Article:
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Hacked By Opening a PNG image on your Android Phone?

Receiving, forwarding pictures on your android phone could get your hacked.

On February 7, 2019, Google reported a serious bug in its Android Security bulletin. They revealed that hackers are now able to hack into an Android smartphone via malicious PNG files. This means that your phone could be hacked, simply by opening a PNG.

Google hasn’t revealed the full details of the hack, but the three vulnerabilities have been identified as CVE-2019-1986, CVE-2019-1987, and CVE-2019-1988. This vulnerability has been patched by Google as part of the February Android Security Updates, however not every manufacturer rolls of updates every month. This leads thousands of Android users vulnerable to this type of attack.

The attack is thought to work like this. A user would receive a malicious PNG(image)  file over a messaging service/email , and click on the image to expand it. The PNG image would then be able to execute arbitrary code onto the vulnerable device.

Google says:

“the most severe of these issues is a critical security vulnerability in Framework that could allow a remote attacker using a specially crafted PNG file to execute arbitrary code within the context of a privileged process.”

Google has stated that they have not seen any examples of this attack in the wild, and they are not aware that these vulnerabilities have ever been exploited. This is likely why Google is not releasing the full details of the process since many users will still have unpatched phones and hackers will now be working to exploit this.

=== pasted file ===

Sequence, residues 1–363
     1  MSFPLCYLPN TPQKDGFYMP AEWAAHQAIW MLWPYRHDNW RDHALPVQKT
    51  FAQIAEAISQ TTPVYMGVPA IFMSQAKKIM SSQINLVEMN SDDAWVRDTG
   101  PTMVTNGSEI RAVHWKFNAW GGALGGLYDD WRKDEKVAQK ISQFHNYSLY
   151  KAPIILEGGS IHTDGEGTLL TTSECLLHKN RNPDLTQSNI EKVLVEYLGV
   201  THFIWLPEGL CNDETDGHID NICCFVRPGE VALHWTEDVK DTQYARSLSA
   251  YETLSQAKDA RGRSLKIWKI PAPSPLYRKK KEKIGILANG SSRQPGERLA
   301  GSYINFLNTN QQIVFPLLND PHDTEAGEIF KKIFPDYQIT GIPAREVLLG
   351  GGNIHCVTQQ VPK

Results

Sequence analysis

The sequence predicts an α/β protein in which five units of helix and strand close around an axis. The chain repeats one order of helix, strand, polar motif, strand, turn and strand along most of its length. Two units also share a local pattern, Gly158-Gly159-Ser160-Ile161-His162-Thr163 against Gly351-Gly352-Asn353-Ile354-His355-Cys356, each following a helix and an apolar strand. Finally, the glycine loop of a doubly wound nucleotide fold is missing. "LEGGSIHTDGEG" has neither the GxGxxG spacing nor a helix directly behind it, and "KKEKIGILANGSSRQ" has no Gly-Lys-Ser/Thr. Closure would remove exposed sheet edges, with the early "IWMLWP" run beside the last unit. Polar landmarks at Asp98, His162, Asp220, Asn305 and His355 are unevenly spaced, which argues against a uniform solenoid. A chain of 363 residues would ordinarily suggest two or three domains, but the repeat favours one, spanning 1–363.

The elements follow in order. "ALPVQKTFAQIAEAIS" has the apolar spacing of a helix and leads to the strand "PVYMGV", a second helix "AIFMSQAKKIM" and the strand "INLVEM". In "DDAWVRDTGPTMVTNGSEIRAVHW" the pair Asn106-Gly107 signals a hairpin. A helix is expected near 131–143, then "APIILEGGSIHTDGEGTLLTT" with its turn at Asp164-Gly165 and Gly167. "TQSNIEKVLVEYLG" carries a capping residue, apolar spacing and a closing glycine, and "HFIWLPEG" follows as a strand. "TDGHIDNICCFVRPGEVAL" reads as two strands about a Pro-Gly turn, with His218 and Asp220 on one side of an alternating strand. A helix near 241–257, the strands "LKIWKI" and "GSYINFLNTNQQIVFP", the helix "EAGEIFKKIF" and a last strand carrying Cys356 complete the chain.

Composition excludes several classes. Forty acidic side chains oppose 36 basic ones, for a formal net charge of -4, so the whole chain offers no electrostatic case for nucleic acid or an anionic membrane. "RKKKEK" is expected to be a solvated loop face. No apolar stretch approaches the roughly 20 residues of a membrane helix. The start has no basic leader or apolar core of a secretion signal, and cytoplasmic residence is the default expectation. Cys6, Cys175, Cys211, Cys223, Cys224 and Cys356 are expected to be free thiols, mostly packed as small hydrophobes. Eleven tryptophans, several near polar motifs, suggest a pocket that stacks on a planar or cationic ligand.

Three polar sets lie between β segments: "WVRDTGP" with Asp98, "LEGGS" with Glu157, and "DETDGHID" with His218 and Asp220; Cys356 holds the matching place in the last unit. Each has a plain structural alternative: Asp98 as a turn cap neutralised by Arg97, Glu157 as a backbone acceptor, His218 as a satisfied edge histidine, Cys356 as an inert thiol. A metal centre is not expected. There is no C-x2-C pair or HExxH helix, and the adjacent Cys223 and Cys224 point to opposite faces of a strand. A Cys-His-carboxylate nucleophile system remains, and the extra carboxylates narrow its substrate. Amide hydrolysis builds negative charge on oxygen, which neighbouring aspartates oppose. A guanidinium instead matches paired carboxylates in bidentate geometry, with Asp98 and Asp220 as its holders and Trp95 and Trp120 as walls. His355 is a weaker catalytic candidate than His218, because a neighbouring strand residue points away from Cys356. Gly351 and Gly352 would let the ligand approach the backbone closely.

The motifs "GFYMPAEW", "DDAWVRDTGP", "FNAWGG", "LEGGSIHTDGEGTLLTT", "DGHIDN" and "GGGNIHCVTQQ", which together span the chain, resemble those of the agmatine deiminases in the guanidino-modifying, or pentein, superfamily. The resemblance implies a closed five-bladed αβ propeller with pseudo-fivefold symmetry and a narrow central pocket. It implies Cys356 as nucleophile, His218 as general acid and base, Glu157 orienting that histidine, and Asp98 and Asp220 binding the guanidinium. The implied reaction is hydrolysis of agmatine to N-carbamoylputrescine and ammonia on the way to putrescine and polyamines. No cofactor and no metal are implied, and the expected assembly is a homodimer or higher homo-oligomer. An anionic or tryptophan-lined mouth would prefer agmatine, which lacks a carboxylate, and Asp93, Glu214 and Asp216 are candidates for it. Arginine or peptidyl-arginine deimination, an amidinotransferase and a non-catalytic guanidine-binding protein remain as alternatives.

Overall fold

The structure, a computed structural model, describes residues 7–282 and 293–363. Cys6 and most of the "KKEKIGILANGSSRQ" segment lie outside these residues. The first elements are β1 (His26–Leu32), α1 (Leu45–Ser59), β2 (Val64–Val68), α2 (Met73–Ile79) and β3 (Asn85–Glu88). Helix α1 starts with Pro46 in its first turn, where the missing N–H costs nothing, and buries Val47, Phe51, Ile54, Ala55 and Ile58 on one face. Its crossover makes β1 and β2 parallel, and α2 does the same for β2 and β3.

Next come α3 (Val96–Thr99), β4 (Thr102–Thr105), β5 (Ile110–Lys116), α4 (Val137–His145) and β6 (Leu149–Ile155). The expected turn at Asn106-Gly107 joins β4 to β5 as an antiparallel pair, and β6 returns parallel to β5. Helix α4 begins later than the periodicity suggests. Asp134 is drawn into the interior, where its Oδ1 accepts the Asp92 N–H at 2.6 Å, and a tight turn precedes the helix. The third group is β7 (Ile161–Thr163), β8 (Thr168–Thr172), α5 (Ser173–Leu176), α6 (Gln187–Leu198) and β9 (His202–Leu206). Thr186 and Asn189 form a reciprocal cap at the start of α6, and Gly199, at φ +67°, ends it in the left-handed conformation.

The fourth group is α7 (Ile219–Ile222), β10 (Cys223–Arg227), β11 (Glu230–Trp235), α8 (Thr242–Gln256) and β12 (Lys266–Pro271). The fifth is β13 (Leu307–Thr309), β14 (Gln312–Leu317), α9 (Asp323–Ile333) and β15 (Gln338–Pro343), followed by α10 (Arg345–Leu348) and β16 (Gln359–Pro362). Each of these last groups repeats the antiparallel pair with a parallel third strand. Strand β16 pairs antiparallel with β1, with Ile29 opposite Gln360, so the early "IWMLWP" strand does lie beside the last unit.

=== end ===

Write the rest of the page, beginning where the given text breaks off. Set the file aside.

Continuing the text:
It is also not clear exactly when these vulnerabilities were identified, however, Google did state that they notified its Android partners of them a month prior to publication.

Other security fixes were also issued in February’s bundle. It’s important to note that Android now only releases security updates for Android 7 to 9.

The library has four flaws:

  • CVE-2017-17760 affecting version 7.0, 7.1.1, 7.1.2, 8.0, 8.1, and 9;
  • CVE-2018-5268 affecting version 7.0, 7.1.1, 7.1.2, 8.0, 8.1, and 9
  • CVE-2018-5269 affecting version 7.0, 7.1.1, 7.1.2, 8.0, 8.1, 9;
  • CVE-2017-18009 affecting version 7.0, 7.1.1, 7.1.2, 8.0, 8.1, and 9.

System has eight flaws:

  • CVE-2019-1991 affection versions 7.0, 7.1.1, 7.1.2, 8.0, 8.1, and 9;
  • CVE-2019-1992 affecting versions 7.0, 7.1.1, 7.1.2, 8.0, 8.1, and 9;
  • CVE-2019-1993 affecting versions 8.0, 8.1, and 9;
  • CVE-2019-1994 affecting versions 8.0, 8.1, and 9;
  • CVE-2019-1995 affecting versions 7.0, 7.1.1, 7.1.2, 8.0, 8.1, and 9;
  • CVE-2019-1996 affecting versions affecting 8.0, 8.1, and 9;
  • CVE-2019-1997 affecting versions 7.0, 7.1.1, 7.1.2, 8.0, 8.1, and 9;
  • CVE-2019-1998 affecting version 9.

Security on Android is a significant concern due to how infamously slow Android devices are to get updates. As of August 2018, only 1.1% of Android users had access to the February 2018 update. The company Security Research Labs conducted research that alleged that several Android manufacturers were lying to their customers about missed security patches. When the researchers highlighted the issue to Google, they said:

“We would like to thank Karsten Nohl and Jakob Kell for their continued efforts to reinforce the security of the Android ecosystem. We’re working with them to improve their detection mechanisms to account for situations where a device uses an alternate security update instead of the Google suggested security update. Security updates are one of many layers used to protect Android devices and users.

Built-in platform protections, such as application sandboxing, and security services, such as Google Play Protect, are just as important. These layers of security—combined with the tremendous diversity of the Android ecosystem—contribute to the researchers’ conclusions that remote exploitation of Android devices remains challenging.”

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